Every year, millions of waste tires are discarded across the world. Storage of waste tires presents many problems such as fire threats, epidemics, and non-economic factors. Furthermore, the disintegration process of waste tires is not economical or practical due to its time-consuming, and disposal requirements. In this study, half-section waste tires (HSWTs) were integrated with high-density polyethylene (HDPE) pipes under different relative density conditions. The main aim of the study was to reduce the deformation values of embedded HDPE pipes in sandy soil and to evaluate the soil–pipe interaction. In comprehensive laboratory tests, half-section waste tires were integrated in two different ways: in the middle of the pipeline and along the pipeline. Accordingly, it was concluded that the effectiveness of waste tires reduces the deformation and bending moment values in the critical regions of pipes. As a result of reinforcement in the mid-point of the pipe defined as the most critical region, 52% and 36% less deformation was observed in the crown and springlines of the pipe, respectively. In addition, the bending moment values for the same critical section were determined to be 40% less in the crown and 28% less in the springline regions of the pipe.

Key Words
deformation behavior, HDPE pipe, reinforcement, silica sand, waste tire

Address
Can Erenson and Niyazi Uğur Terzi: Department of Civil Engineering, Aksaray University, Geotechnical Division, Aksaray, Türkiye

Abstract
This paper presents a more general model for T-shaped combined footings that support two columns aligned on a longitudinal axis and each column provides an axial load and two orthogonal moments. This model can be applied to the following conditions: (1) without restrictions on its sides, (2) a restricted side and (3) two opposite sides restricted. This model considers the linear soil pressure. The recently published works have been developed for a restricted side and for two opposite sides restricted by Luévanos-Rojas et al. (2018a, b). The current model considers the uniform pressure distribution because the position of the resultant force coincides with the center of gravity of the surface of the footing in contact with the soil in direction of the longitudinal axis where the columns are located. This paper shows three numerical examples. Example 1 is for a T-shaped combined footing with a limited side (one column is located on the property boundary). Example 2 is for a T-shaped combined footing with two limited opposite sides (the two columns are located on the property boundary). Example 3 is for a T-shaped combined footing with two limited opposite sides, one column is located in the center of the width of the upper flange (b1/2=L1), and other column is located at a distance half the width of the strip from the free end of the footing (b2/2=b–L1–L). The main advantage of this work over other works is that this model can be applied to T-shaped combined footings without restrictions on its sides, a restricted side and two opposite sides restricted. It also shows the deficiencies of the current model over the new model.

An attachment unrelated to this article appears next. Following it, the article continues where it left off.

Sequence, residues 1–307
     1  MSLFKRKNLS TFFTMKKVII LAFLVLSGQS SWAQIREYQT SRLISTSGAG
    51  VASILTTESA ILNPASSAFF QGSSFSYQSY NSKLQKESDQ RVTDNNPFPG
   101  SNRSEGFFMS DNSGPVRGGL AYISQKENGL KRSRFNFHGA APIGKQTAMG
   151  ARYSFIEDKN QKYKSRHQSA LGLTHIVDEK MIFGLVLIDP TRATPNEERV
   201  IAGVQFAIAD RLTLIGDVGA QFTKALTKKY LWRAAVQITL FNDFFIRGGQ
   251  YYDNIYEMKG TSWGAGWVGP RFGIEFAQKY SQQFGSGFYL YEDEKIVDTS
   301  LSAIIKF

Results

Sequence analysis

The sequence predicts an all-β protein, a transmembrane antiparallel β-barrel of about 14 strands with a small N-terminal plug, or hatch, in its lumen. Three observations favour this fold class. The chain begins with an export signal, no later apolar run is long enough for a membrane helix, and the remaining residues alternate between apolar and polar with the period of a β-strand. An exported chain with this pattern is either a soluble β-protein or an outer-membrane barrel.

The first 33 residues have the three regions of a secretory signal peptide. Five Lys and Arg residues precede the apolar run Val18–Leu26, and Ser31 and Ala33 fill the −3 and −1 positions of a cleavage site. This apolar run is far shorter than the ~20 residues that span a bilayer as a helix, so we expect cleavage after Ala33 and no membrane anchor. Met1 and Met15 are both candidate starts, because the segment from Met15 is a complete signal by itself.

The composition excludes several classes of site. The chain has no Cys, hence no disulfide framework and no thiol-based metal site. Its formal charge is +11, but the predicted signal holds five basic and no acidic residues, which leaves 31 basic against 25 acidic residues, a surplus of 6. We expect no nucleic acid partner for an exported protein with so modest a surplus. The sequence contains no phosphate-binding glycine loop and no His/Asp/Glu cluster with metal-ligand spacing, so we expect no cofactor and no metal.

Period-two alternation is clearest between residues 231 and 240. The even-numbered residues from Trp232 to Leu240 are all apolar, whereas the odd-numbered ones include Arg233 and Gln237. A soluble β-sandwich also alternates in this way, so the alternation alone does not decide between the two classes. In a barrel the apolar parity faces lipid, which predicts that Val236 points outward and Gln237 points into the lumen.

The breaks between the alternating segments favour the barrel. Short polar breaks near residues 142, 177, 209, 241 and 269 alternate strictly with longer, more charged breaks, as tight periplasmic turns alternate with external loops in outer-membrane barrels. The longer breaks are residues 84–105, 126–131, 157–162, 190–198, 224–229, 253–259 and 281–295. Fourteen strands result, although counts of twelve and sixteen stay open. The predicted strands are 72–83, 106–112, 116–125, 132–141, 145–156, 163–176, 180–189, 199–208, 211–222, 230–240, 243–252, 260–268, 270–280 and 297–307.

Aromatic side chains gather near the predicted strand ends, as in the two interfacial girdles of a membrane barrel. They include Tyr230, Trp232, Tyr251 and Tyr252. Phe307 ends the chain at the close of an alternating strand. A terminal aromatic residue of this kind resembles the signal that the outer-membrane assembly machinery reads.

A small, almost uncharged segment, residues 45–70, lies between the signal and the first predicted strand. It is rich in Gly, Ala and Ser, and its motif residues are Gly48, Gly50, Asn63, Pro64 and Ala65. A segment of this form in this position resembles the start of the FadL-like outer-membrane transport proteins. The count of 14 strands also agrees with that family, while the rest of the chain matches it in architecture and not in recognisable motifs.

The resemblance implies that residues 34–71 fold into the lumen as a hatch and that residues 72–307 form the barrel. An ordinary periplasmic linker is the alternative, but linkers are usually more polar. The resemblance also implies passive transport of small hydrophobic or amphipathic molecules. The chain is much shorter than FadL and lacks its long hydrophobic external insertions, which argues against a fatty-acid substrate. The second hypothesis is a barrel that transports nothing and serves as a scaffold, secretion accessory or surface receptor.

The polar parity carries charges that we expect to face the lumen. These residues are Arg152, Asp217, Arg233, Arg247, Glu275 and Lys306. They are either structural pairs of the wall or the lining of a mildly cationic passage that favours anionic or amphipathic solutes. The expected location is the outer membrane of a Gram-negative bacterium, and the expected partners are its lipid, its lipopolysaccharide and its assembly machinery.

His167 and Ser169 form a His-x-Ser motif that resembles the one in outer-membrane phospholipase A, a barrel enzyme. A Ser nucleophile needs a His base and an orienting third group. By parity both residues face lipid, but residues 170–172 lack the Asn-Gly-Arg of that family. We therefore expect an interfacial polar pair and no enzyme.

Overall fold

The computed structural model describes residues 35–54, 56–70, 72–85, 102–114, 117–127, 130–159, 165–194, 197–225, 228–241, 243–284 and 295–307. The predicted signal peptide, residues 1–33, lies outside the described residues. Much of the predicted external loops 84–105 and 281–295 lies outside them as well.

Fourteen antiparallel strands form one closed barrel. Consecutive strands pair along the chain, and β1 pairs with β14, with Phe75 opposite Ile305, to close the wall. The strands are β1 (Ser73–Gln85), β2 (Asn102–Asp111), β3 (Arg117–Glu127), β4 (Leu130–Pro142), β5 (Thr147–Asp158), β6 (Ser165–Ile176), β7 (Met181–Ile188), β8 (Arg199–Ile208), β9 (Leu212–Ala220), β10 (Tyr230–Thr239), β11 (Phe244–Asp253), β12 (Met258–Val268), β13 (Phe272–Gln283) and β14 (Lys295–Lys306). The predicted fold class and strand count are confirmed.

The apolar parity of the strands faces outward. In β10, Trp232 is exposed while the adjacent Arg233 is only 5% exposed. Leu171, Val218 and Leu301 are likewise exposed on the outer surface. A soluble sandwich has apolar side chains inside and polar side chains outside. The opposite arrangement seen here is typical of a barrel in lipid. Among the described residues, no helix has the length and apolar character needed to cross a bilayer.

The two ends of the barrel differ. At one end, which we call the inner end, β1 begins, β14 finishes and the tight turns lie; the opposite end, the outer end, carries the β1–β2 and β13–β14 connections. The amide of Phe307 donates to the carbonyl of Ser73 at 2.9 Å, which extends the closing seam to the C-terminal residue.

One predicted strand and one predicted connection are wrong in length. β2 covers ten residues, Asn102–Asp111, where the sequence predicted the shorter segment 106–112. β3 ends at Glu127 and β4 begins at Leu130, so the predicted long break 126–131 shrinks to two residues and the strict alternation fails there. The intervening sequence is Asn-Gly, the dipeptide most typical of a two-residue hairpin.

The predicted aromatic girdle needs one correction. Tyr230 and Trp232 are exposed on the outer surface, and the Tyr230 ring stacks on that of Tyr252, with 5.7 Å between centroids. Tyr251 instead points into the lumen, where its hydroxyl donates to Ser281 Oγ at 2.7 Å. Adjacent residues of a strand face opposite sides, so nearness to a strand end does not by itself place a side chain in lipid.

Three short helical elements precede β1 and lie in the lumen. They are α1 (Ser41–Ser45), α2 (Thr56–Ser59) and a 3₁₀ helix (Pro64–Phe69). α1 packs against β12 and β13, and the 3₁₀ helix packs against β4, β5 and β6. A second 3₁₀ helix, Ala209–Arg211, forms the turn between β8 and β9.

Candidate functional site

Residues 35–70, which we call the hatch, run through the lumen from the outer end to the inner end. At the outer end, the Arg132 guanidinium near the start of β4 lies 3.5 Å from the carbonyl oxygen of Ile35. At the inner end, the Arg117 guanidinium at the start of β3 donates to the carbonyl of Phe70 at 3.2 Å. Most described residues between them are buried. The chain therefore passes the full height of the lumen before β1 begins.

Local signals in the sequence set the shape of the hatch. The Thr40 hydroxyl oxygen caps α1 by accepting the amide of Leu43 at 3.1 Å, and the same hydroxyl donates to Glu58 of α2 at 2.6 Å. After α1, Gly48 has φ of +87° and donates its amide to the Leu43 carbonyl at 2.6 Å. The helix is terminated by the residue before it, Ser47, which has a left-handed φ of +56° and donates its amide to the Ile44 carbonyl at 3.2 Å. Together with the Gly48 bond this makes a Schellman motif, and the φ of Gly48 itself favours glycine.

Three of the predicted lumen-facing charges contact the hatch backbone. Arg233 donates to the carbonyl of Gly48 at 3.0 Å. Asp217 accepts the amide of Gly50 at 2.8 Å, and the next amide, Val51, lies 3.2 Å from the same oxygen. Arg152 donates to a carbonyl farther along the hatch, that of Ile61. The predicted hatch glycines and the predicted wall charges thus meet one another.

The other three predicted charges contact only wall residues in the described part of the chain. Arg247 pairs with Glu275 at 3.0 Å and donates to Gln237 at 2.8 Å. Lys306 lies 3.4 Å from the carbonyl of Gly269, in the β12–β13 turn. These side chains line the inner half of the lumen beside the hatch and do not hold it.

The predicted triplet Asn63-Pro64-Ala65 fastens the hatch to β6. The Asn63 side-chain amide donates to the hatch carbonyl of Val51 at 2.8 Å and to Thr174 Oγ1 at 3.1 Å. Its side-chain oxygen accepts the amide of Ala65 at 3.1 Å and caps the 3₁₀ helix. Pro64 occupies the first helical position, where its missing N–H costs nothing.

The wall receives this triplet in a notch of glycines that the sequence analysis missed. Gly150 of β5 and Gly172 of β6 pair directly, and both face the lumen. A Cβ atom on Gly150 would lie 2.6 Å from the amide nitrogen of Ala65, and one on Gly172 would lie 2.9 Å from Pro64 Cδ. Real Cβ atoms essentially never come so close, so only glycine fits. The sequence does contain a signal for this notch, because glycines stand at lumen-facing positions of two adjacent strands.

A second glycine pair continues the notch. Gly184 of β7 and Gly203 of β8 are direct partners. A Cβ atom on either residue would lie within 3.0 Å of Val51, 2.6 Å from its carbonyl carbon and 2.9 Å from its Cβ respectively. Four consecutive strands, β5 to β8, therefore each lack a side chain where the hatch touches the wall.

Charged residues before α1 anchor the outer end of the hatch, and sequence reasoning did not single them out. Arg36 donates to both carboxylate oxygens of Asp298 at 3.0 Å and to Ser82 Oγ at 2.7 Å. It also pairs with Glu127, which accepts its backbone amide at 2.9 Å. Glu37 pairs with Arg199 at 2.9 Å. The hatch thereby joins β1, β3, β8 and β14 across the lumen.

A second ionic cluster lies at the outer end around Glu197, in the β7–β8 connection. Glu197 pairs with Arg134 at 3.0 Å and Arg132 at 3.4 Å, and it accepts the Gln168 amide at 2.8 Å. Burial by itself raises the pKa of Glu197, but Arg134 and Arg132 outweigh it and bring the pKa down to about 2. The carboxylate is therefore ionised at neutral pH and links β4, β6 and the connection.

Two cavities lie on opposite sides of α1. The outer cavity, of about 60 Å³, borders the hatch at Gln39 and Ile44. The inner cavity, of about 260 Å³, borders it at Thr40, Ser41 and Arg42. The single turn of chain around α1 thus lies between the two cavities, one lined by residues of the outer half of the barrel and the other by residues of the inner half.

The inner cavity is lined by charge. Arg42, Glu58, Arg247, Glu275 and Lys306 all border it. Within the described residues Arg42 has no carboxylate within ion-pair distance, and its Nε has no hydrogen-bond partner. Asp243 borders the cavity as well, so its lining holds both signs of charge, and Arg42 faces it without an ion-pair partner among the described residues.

Key Words
bending moments; bending shear; combined footings; punching shear; reinforced concrete

Address
Jesús Rafael Garay-Gallegos, Arnulfo Luévanos-Rojas, Sandra López-Chavarría, Manuel Medina-Elizondo, Gabriel Aguilera-Mancilla and Edith García-Canales: Institute of Multidisciplinary Researches, Autonomous University of Coahuila, Blvd. Revolución No, 151 Ote, CP 27000, Torreón, Coahuila, México

Abstract
Accidental anchor drop can cause disturbances to seabed materials and pose significant threats to the safety and serviceability of submarine structures such as pipelines. In this study, a series of anchor drop tests was carried out to investigate the penetration mechanism of a Hall anchor in sand and clay. A special anchor drop apparatus was designed to model the inflight drop of a Hall anchor. Results indicate that Coriolis acceleration was the primary cause of large horizontal offsets in sand, and earth gravity had negligible impact on the lateral movement of dropped anchors. The indued final horizontal offset was shown to increase with the elevated drop height of an anchor, and the existence of water can slow down the landing velocity of an anchor. It is also observed that water conditions had a significant effect on the influence zone caused by anchors. The vertical influence depth was over 5 m, and the influence radius was more than 3 m if the anchor had a drop height of 25 m in dry sand. In comparison, the vertical influence depth and radius reduced to less than 3 m and 2 m, respectively, when the anchor was released from 10 m height and fell into the seabed with a water depth of 15 m. It is also found that the dynamically penetrating anchors could significantly influence the earth pressure in clay. There is a non-linear increase in the measured penetration depth with kinematic energy, and the resulted maximum earth pressure increased dramatically with an increase in kinematic energy. Results from centrifuge model tests in this study provide useful insights into the penetration mechanism of a dropped anchor, which provides valuable data for design and planning of future submarine structures.

Key Words
anchor drop test; centrifuge modeling; earth pressure; kinematic energy; penetration mechanism

Address
Xiaoyu An: State Key Laboratory of Hydraulic Engineering Simulation and Safety, Tianjin University, Tianjin 300072, China; National Engineering Laboratory for Port Hydraulic Construction Technology, Tianjin Research Institute for Water Transport Engineering, M.O.T., Tianjin 300456, China
Fei Wang: National Engineering Laboratory for Port Hydraulic Construction Technology, Tianjin Research Institute for Water Transport Engineering, M.O.T., Tianjin 300456, China